Sunday, December 11, 2011

The Popsicle Stick Christmas Tree

No divorce yesterday.  Eric was too busy cursing at the fact that the discount Christmas Tree we purchased (sight unseen) from our large wholesale box store, Costco came frozen shut.  Yes, that's right - frozen shut like a Popsicle stick.  I'll get to this tragic, yet highly humorous story in a moment.

Saturday morning started out pleasant enough.  I had planned on taking my men out for a lovely late breakfast before looking for the "perfect" holiday tree.  I had some extra money tucked away and I thought this would be a nice way to start the day.  Of course Austynn had already raided my kitchen pantry of Pop-Tarts while watching Saturday morning cartoons. 

Several weeks ago, I had sworn off purchasing these nasty fast food breakfast treats for this very purpose.  William and Austynn will ask me on a daily basis for Pop-Tarts.  In fact, sometimes while they're eating a rather large serving of spaghetti for dinner, they'll request them for breakfast the next morning.  This drives me crazy.  However, I'm all about squeezing out the most value for my morning.  This has nothing to do with dollar savings and everything to do with my coveted quiet time with my coffee bowl.  So yes, I in my selfish parental need to have a few extra uninterrupted moments in front on my computer monitor, have opted to keep these foul, addicting, sugar-laden products in my pantry for last minute breakfast fixes on the go.  Bad mama.  I digress.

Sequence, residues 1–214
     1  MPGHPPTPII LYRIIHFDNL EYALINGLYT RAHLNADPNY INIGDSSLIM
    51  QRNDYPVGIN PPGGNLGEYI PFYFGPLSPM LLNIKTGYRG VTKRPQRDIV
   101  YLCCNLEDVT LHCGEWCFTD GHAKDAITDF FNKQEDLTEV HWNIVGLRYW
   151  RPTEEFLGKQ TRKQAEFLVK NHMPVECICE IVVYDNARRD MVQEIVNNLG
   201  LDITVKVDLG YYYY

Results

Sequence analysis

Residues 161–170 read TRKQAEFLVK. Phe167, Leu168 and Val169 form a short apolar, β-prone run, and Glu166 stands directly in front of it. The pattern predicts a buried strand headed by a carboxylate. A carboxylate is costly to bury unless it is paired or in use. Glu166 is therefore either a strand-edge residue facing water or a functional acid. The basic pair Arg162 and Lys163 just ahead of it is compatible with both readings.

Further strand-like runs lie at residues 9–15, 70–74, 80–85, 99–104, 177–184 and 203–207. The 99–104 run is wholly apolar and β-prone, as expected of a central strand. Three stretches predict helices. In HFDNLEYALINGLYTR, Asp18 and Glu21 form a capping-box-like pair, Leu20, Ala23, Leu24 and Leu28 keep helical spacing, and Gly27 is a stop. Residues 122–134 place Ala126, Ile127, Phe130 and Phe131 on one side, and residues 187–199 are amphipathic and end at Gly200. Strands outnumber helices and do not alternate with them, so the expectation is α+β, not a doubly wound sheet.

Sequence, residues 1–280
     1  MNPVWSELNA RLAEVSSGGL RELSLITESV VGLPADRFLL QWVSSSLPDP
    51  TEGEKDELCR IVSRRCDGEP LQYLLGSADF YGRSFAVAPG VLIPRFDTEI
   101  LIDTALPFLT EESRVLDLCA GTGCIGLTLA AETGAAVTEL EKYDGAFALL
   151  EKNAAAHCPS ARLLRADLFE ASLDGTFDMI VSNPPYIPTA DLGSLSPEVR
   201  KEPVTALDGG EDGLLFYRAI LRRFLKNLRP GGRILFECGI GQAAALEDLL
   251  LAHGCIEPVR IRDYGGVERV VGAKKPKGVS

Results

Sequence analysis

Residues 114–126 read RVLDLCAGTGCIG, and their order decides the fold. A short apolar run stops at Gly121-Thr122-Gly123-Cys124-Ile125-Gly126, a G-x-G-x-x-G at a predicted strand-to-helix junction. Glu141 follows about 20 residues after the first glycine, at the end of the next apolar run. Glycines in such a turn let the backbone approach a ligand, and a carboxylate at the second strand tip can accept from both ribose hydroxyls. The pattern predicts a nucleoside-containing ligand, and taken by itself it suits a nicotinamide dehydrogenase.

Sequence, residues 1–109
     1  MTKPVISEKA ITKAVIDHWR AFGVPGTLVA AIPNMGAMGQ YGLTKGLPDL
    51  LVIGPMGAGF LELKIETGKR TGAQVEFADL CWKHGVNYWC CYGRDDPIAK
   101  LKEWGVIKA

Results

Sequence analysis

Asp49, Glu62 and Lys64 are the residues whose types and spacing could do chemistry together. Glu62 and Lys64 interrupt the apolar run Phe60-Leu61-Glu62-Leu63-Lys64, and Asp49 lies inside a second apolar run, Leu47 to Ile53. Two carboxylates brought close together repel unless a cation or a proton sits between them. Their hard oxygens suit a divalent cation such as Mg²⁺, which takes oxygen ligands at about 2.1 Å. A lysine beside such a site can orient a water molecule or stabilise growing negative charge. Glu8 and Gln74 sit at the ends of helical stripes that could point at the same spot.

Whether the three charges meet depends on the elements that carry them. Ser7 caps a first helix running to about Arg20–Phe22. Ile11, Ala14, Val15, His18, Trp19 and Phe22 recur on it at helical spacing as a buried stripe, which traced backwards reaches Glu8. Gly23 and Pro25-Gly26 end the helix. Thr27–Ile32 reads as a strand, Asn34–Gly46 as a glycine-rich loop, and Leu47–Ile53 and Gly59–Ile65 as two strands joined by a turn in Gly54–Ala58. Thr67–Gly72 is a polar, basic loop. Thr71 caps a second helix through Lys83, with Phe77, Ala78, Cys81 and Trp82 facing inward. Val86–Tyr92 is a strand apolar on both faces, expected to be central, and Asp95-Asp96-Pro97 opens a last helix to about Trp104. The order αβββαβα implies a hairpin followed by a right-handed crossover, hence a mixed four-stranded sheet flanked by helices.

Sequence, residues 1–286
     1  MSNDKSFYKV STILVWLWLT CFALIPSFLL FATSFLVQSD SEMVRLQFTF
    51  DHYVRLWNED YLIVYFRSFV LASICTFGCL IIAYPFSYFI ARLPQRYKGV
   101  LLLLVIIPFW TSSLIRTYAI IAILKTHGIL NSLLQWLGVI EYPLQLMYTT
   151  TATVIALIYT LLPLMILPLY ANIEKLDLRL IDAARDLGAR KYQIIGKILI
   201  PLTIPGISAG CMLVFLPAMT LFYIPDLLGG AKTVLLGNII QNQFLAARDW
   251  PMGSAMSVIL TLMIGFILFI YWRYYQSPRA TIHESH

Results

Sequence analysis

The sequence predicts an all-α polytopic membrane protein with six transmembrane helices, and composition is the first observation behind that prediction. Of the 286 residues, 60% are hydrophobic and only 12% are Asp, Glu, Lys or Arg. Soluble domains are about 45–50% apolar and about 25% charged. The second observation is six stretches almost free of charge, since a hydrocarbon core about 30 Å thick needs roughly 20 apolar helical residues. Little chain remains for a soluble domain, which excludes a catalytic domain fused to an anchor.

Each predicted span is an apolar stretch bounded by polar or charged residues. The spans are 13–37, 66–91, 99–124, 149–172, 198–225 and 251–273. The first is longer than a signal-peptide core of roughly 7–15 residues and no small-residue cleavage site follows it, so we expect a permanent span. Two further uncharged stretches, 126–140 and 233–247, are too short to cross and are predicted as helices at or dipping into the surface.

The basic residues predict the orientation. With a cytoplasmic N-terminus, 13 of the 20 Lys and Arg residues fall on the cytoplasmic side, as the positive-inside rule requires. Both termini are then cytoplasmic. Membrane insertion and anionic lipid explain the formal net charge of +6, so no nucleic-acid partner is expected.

Who knew that the local Village Inn Restaurant on a Saturday morning would be so crowded with holiday shoppers?  I certainly did not; however, I was determined to make the best of a bad situation.  Besides, I was hungry -- I wanted french toast, eggs, bacon, orange juice, and coffee.  Eric was ready to leave when he saw the people ahead of us but I was in a good mood.  It was manageable.  We could wait five, ten, fifteen minutes, couldn't we?  Most families could.  Ours, not so much.  William and Austynn don't do well in crowds and because of this, neither do I.  Austynn tends to hang on me and strokes my hair.  He kisses my cheeks repeatedly.  This may sound sweet to many of my readers but I must explain that Austy is a 175 pound 13 year old.  One kiss is sweet - fifteen to twenty - not so much.  Plus, he had just eaten a sucker from the counter.  My face and hair was a sticky, slobbery mess by the time we sat down.